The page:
When you’ve been performing pull-ups the wrong way for months, we don’t have to tell you that the callouses and constant blisters are very painful!
They never seem to heal right, especially if you’re trying to keep up with your pull-up routine and fighting through the pain too.
Table of Contents
Why Are You Getting Callouses On Your Hands?
If you’re suffering from callouses or blisters on the palm of your hands – a particularly soft & delicate part of the body – then it is a strong indicator that you’re gripping the pull-up bar incorrectly.
Callouses can be a good thing as they toughen your hands, but gripping the pull-up bar incorrectly can put much more pressure on the wrong part of your hands. In extreme cases, these callouses can even rip under excessive stress, as shown below.
We’ll first explain what you’re probably doing wrong (it’s extremely common) and then show and tell how to do it correctly. Here we’re not talking about pull-up technique specifically but more about hand placement and usage at the beginning and during a pull-up exercise.
When performing the gripping actions with your hands incorrectly, you’re using the palm of your hand nearest your fingers and the opposite side to where your knuckles are, to grip the pull-up bar. When grasping the bar this way, a fold of skin gets trapped between the compressed area where the metal bar is going across your palm and space just before your fingers.
See the illustrative picture below:
As you can see above, this action creates a bulge of trapped skin. With each subsequent pull-up motion, the skin gets mauled and roughed up. This becomes red, sensitive, and eventually, blistering will happen.
How to Grip the Pull-up Bar Correctly
For the hand spacing, aim to place each hand at shoulder-width from each other for regular pull-ups. There are alternative pull-up techniques for advanced athletes that use different hand positions, but here we’re just providing a general instruction for a regular pull-up technique.
For the finger position, let the top of your fingers roll around the bar. This is the area of the fingers before you get to the palm itself. The tips of your fingers will then wrap around the bar to the other side.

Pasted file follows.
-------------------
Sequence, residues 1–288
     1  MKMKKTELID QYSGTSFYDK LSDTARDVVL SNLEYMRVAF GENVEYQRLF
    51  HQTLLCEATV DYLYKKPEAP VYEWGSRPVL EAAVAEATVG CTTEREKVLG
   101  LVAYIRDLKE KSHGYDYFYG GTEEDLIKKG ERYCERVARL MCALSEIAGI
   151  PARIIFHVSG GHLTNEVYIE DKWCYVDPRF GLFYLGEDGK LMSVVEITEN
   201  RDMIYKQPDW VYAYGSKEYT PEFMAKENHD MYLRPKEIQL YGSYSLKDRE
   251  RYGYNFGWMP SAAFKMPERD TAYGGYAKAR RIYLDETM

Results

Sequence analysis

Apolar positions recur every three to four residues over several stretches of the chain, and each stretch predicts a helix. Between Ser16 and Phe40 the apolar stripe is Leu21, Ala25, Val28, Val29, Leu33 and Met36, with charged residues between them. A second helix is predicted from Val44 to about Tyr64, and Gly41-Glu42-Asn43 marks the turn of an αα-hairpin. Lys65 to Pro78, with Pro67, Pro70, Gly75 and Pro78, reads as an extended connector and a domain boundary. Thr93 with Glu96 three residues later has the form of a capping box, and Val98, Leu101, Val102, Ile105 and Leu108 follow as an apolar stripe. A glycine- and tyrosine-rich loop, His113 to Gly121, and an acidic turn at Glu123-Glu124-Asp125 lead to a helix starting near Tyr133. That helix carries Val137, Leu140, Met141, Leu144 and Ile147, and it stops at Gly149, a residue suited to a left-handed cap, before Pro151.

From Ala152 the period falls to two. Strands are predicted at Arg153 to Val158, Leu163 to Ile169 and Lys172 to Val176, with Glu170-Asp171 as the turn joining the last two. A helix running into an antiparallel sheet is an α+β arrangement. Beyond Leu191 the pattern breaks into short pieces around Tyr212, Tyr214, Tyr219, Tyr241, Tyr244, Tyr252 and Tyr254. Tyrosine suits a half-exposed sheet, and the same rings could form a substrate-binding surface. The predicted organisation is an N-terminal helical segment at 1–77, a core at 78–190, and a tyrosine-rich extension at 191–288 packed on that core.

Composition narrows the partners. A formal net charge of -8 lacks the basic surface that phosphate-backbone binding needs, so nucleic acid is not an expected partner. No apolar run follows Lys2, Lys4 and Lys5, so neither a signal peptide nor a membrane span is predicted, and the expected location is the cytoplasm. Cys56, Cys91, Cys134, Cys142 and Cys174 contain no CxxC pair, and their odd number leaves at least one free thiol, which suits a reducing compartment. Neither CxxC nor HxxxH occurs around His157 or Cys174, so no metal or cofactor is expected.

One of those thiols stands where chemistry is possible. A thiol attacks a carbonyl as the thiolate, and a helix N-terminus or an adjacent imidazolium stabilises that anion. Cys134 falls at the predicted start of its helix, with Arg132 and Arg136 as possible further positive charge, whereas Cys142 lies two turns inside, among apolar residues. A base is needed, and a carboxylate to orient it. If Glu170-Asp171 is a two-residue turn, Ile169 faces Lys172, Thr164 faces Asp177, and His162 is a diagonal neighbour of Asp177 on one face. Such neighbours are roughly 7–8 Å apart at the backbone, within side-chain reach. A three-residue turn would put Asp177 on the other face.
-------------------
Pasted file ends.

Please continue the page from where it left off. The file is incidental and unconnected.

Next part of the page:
See the illustrative picture below:
Once this is done, it’s important to roll the bar in your loose grip until your fingers are wrapped around the bar to allow a comfortable grip (but not too tightly) without any skin getting trapped.
This may be easier to see using a pen as an example, rather than an actual bar:
Chalking Up Your Hands
Using chalk will help you grip the bar better, especially when your hands begin to get sweaty. The bar can also become slippy if chalk isn’t used, either from your own hands or somebody else’s hands if you are using a pull-up bar in a shared space.
If you choose not to use chalk, you may find yourself trying to grip the bar harder to make up for the reduced grip. This is more likely to damage your skin leading to the same issues as described earlier.
Dry Chalk Vs Liquid Chalk?
I’ve recommended using a dry chalk ball in various articles on this site, but many people choose to use liquid chalk instead.
Liquid chalk is less messy (some gyms may have a liquid-only policy), and some people find liquid chalk provides a better grip which is their higher priority. The application of liquid chalk has also been known to last longer.
I don’t like the ‘tacky’ feeling it has when rubbing it into my hands, which is why I choose a chalk ball. It all comes down to personal preference at the end of the day.
Whatever you choose to use, here’s our recommendations for cheap but good quality versions of each chalk type:
Avoid Using Gloves
While gloves might look stylish in workout photos, they’re not the best idea.
Using a protective glove prevents your skin from getting used to the feeling of skin on the bar. The natural and necessary process of the hardening and toughening of your skin when using a pull-up bar is prevented. As a result, when you always use gloves and then stop, your baby-like skin will blister up very quickly, especially if you’re using the wrong hand/grip technique too!
Gloves for pull-ups are only recommended when you already have blisters or callouses. At this point, it’s all about damage limitation and trying to avoid feeling more discomfort while keeping up with your workout routine.
Where Should Your Thumb Position Be When Gripping The Pull-Up Bar?
When gripping the bar, there’s the option whether to have your thumb positioned alongside your fingers above the bar or to place it underneath the bar.
While this is a personal preference to some degree, positioning your thumb under the bar helps when transitioning over the bar or when swinging intentionally as part of your planned movement.
There’s greater balance and control possible with the thumb positioned underneath, however, for regular pull-ups either thumb position works fine.
Talking from personal experience, I had always positioned my thumbs above the bar as I felt it gave me more power when working on my pull-ups. When I started getting into freestyle calisthenics and noticed that everybody else would position their thumbs under the bar, it took me a while to re-program myself to naturally have my thumbs under the bar for all hanging exercises.
If you don’t have a strong opinion of either option at the moment, I would recommend anybody reading this to get into the habit of using a thumb under the bar grip as it will benefit you in the long run!
Founder of calisthenics-101.co.uk. Training calisthenics since 2012.
Currently working on: 30 second one-arm handstand, muscle-up 360, straddle planche.